I never did know A. L. Chanin, or "Abe" as the family called him. Always off drawing somewhere during his childhood, he had grown up to become a painter and then a renowned lecturer and educator at the New York Museum of Modern Art (MOMA). Over the years he brought his own style to the task of explaining contemporary painting and sculpture to the public.
However he lived on the other side of the continent when I married his brother's daughter and we never made it out there until well after he had died.
I wish I had met him, he must have been a very interesting man to say the least. A boy painter who taught himself his own art, he would one day teach art to others through the popular media and within one of the leading museums of modern art of the world. He advanced his creative life by way of an early attachment to one of the first collectors of modern art in America and then dropped the paints and brush and went on to write and teach to the very end of his life.
His struggle had begun in the America of the twenties and, like many others, he survived the thirties only to take part in the Second World War. Returning from a service partly spent in the worst battle of the war in western Europe, he took his position behind the lectern and the typewriter and never abandoned it. He was writing and helping students from the hospital until the end.
When we die, we leave behind primarily the memories that others may have of us, and of course, we leave our 'artifacts', those physical artifices of life bobbing in our wake as we pass by from this existence. Many artifacts are not deemed true 'art' and sink amid the waves never to be seen again. Others, that are thought less mundane, may float ashore here and there for the benefit of those left behind.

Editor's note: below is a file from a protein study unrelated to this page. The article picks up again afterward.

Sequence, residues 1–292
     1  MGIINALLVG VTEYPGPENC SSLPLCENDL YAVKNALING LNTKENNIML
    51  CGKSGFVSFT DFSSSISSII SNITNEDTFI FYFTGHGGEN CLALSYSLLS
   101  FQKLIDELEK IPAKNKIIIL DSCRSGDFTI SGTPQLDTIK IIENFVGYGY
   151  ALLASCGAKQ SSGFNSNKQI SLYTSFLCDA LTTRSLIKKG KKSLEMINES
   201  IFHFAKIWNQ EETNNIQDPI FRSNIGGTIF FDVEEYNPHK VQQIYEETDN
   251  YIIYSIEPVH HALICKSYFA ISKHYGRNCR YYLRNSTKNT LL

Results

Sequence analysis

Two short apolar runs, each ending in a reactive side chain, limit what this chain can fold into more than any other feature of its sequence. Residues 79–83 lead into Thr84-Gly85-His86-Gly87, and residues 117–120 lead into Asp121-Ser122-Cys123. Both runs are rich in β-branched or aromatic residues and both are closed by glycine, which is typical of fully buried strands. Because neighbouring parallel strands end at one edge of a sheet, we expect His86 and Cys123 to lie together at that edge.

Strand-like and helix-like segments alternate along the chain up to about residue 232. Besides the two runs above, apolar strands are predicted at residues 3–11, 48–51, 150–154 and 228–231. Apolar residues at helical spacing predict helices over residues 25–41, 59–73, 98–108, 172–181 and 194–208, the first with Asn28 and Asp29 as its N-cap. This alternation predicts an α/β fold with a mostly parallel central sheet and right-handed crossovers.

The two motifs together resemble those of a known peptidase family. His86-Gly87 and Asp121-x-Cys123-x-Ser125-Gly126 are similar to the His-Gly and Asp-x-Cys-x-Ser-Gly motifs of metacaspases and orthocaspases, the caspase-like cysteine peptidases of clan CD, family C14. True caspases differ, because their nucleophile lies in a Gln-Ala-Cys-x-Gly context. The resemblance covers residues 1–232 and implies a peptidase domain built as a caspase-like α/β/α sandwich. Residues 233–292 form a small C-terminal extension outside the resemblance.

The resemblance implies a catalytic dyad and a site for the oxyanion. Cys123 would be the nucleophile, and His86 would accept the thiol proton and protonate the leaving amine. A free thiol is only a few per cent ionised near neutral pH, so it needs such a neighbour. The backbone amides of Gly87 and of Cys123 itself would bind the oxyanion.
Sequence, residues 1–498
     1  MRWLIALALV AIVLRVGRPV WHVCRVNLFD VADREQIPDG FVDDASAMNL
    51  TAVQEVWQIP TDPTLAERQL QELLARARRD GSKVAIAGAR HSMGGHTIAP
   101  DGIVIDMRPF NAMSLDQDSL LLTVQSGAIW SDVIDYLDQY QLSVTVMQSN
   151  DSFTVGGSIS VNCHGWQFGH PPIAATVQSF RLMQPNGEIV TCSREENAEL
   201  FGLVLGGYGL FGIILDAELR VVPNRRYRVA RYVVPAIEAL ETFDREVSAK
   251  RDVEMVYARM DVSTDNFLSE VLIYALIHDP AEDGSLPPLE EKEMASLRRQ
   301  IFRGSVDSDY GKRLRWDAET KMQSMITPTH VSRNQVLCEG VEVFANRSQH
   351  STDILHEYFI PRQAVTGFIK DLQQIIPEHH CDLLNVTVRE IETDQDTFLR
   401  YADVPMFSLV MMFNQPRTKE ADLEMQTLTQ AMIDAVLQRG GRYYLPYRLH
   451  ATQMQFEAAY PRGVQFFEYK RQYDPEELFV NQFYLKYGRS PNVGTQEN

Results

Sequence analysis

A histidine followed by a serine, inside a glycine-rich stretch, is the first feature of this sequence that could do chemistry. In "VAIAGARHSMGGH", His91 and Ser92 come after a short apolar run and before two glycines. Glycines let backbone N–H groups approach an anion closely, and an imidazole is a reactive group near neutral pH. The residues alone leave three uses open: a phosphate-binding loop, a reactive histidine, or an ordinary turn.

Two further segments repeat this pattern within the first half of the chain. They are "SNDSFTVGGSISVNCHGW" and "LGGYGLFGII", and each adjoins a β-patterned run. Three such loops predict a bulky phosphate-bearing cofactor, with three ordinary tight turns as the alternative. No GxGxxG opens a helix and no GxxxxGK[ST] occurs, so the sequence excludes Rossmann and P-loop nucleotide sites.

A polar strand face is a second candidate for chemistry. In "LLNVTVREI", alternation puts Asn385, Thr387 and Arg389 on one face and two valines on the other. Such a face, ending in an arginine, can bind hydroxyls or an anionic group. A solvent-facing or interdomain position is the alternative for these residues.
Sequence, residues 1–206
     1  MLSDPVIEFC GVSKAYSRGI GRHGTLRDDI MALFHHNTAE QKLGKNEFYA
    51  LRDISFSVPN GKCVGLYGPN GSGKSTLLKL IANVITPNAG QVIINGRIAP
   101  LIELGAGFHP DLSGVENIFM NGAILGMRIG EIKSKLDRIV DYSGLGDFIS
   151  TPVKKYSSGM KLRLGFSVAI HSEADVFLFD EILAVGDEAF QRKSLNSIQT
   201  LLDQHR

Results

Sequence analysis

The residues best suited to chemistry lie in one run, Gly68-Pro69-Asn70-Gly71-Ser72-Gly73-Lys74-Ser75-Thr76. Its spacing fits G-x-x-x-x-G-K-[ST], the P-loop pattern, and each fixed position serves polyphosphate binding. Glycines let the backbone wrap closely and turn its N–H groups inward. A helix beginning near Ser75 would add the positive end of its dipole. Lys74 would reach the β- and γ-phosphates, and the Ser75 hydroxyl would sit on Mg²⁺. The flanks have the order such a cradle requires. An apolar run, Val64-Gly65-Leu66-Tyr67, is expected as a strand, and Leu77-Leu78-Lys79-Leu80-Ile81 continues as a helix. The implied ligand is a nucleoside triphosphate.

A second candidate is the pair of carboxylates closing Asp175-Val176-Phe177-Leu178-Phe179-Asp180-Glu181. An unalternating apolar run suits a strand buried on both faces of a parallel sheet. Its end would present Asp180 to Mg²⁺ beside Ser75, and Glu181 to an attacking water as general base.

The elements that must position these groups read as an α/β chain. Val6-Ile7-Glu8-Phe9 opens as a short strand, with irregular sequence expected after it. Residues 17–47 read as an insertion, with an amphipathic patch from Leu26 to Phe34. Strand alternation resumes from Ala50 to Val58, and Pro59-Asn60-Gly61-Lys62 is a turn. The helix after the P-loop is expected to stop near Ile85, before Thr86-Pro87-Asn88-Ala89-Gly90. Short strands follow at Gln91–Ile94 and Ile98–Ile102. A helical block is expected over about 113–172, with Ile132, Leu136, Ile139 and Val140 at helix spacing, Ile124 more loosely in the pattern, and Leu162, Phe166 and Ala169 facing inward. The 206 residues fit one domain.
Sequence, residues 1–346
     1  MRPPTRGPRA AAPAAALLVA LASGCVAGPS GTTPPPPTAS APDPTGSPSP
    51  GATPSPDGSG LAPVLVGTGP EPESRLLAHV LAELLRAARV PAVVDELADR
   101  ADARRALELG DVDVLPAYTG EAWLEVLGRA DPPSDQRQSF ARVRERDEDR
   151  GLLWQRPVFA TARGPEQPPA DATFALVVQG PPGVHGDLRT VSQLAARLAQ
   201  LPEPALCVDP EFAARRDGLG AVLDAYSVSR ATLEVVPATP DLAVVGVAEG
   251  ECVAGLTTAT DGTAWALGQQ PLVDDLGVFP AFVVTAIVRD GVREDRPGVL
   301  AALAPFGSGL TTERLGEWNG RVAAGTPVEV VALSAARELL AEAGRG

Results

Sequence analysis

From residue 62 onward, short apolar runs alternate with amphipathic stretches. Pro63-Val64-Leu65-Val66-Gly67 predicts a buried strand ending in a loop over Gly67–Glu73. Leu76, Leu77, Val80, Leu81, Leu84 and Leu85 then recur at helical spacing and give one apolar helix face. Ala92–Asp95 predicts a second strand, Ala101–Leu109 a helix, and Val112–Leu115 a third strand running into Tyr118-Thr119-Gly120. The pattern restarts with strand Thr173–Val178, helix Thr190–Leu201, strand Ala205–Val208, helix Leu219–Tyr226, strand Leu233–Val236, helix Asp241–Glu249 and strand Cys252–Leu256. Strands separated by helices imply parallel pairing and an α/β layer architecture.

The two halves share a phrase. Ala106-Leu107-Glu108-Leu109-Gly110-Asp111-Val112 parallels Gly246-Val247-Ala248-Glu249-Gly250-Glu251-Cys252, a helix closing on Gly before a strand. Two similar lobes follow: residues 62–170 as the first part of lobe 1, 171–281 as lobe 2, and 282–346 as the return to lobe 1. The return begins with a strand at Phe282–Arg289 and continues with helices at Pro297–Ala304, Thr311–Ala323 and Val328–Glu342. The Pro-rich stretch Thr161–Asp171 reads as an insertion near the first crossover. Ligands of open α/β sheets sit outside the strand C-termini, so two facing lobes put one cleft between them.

Abe Chanin left a number of things for us to spot in the surf and pick up along the shoreline but a good many are still on the ocean floor.
After the passing of his widow, Margit, at the end of 2001, Abe's paintings, drawings and water colors virtually disappeared amidst the dispersal of the great art collection he and his wife, Margit had amassed over the years. Perhaps some day Abe's visual work may surface but no one can tell when.
This web site is an attempt to collect what may still be found and then present it to the world so that Abe's teaching can go on yet again, more than thirty-four years after his death. Until his art is recovered, the work presented here will only be of a written nature and include the most popular of the material with which he brought an appreciation of Modern Art to many people.
The first work presented here is not one done by Abe however. It's loving biographical sketch of his life that appeared a few years after Abe died written by his friend, Jack Harrison Pollack. In the future, others will add their memories of A. L. Chanin and more writings will appear as they become available.
Second is the article of which Jack wrote was one of he last Abe ever did. Prepared for a retrospective exhibit of two artists from the Bauhaus era in the Weimar years of pre-WWII Germany, it shows Abe's concise and informative style was with him as he wrote his last. Elsewhere in the brochure, Abe's wife Margit is credited with introducing the two artist to America.
-Bob Gill, 6 January, 2002
|The Philadelphia Jewish Archives Center has begun work on translating the diary of Abe's older brother, Israel Chanin.Covering the years of his teens, the Israel Chanin Diary is a rare glimpse into the life of an imigrant youth written in his native language during the early part of the twentieth century.